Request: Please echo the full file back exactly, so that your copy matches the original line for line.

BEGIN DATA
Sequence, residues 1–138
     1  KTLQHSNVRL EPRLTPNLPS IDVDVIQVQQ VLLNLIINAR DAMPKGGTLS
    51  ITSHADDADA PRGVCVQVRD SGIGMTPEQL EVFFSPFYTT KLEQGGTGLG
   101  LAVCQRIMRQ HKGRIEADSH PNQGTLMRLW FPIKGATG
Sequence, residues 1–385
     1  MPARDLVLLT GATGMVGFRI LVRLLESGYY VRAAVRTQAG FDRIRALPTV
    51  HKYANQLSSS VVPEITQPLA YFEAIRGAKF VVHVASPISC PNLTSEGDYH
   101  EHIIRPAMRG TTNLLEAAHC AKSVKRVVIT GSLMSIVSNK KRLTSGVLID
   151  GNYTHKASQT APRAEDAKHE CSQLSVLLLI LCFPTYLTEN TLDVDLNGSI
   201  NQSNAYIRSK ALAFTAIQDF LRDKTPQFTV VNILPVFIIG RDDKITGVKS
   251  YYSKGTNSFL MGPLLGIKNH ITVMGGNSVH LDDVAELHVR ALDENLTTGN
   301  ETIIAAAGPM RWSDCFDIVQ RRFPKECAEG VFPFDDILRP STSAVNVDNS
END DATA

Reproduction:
Sequence, residues 1–138
     1  KTLQHSNVRL EPRLTPNLPS IDVDVIQVQQ VLLNLIINAR DAMPKGGTLS
    51  ITSHADDADA PRGVCVQVRD SGIGMTPEQL EVFFSPFYTT KLEQGGTGLG
   101  LAVCQRIMRQ HKGRIEADSH PNQGTLMRLW FPIKGATG
Sequence, residues 1–385
     1  MPARDLVLLT GATGMVGFRI LVRLLESGYY VRAAVRTQAG FDRIRALPTV
    51  HKYANQLSSS VVPEITQPLA YFEAIRGAKF VVHVASPISC PNLTSEGDYH
   101  EHIIRPAMRG TTNLLEAAHC AKSVKRVVIT GSLMSIVSNK KRLTSGVLID
   151  GNYTHKASQT APRAEDAKHE CSQLSVLLLI LCFPTYLTEN TLDVDLNGSI
   201  NQSNAYIRSK ALAFTAIQDF LRDKTPQFTV VNILPVFIIG RDDKITGVKS
   251  YYSKGTNSFL MGPLLGIKNH ITVMGGNSVH LDDVAELHVR ALDENLTTGN
   301  ETIIAAAGPM RWSDCFDIVQ RRFPKECAEG VFPFDDILRP STSAVNVDNS